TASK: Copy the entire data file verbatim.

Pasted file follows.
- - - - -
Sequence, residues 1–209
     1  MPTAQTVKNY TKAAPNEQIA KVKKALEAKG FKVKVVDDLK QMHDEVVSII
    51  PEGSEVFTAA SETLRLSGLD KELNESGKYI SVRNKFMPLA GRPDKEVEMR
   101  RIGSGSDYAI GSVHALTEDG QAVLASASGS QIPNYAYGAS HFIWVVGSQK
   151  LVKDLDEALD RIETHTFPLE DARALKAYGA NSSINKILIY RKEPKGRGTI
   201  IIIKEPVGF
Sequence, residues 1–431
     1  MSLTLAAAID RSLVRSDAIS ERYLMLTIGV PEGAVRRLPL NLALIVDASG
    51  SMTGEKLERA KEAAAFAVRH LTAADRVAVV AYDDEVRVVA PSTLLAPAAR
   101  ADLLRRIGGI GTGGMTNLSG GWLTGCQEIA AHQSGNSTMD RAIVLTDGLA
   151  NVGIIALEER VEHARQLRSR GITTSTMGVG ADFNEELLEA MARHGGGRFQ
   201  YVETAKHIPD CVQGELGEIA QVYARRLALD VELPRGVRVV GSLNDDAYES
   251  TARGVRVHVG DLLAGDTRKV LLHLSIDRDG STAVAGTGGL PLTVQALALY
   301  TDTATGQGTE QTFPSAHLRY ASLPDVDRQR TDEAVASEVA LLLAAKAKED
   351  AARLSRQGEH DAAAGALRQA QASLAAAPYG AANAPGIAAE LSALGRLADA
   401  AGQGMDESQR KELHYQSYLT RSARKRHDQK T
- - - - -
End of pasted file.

Sequence, residues 1–209
     1  MPTAQTVKNY TKAAPNEQIA KVKKALEAKG FKVKVVDDLK QMHDEVVSII
    51  PEGSEVFTAA SETLRLSGLD KELNESGKYI SVRNKFMPLA GRPDKEVEMR
   101  RIGSGSDYAI GSVHALTEDG QAVLASASGS QIPNYAYGAS HFIWVVGSQK
   151  LVKDLDEALD RIETHTFPLE DARALKAYGA NSSINKILIY RKEPKGRGTI
   201  IIIKEPVGF
Sequence, residues 1–431
     1  MSLTLAAAID RSLVRSDAIS ERYLMLTIGV PEGAVRRLPL NLALIVDASG
    51  SMTGEKLERA KEAAAFAVRH LTAADRVAVV AYDDEVRVVA PSTLLAPAAR
   101  ADLLRRIGGI GTGGMTNLSG GWLTGCQEIA AHQSGNSTMD RAIVLTDGLA
   151  NVGIIALEER VEHARQLRSR GITTSTMGVG ADFNEELLEA MARHGGGRFQ
   201  YVETAKHIPD CVQGELGEIA QVYARRLALD VELPRGVRVV GSLNDDAYES
   251  TARGVRVHVG DLLAGDTRKV LLHLSIDRDG STAVAGTGGL PLTVQALALY
   301  TDTATGQGTE QTFPSAHLRY ASLPDVDRQR TDEAVASEVA LLLAAKAKED
   351  AARLSRQGEH DAAAGALRQA QASLAAAPYG AANAPGIAAE LSALGRLADA
   401  AGQGMDESQR KELHYQSYLT RSARKRHDQK T